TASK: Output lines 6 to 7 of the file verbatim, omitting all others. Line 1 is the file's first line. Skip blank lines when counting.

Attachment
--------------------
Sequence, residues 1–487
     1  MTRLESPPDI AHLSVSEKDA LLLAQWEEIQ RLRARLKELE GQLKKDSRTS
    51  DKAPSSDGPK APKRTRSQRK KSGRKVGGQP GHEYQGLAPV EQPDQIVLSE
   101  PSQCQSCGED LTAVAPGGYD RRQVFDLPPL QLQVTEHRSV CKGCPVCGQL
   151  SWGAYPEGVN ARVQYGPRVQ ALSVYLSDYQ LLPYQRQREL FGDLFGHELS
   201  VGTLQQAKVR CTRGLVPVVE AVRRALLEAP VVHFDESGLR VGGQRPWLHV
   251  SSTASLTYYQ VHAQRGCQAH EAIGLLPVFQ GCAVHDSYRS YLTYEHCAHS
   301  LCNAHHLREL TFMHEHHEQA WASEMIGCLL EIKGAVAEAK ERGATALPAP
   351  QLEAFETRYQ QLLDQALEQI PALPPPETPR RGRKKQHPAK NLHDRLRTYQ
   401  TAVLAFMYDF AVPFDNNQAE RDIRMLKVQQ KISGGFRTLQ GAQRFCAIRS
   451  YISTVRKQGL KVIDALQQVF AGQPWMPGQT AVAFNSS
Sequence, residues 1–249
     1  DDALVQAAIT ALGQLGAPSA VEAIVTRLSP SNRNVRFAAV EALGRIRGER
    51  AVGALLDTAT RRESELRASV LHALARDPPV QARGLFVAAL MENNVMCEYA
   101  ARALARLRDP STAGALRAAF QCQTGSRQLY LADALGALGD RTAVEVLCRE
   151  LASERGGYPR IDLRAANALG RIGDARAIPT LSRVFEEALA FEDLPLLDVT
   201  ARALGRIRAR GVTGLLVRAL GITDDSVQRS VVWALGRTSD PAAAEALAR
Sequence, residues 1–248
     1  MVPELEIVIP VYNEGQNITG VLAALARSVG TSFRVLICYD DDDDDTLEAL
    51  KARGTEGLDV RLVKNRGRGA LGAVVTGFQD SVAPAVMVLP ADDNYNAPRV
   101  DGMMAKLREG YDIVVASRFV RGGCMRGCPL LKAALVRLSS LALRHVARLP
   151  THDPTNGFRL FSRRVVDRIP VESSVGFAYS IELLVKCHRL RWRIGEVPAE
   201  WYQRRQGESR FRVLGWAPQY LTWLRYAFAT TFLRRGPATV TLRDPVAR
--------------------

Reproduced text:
   201  VGTLQQAKVR CTRGLVPVVE AVRRALLEAP VVHFDESGLR VGGQRPWLHV
   251  SSTASLTYYQ VHAQRGCQAH EAIGLLPVFQ GCAVHDSYRS YLTYEHCAHS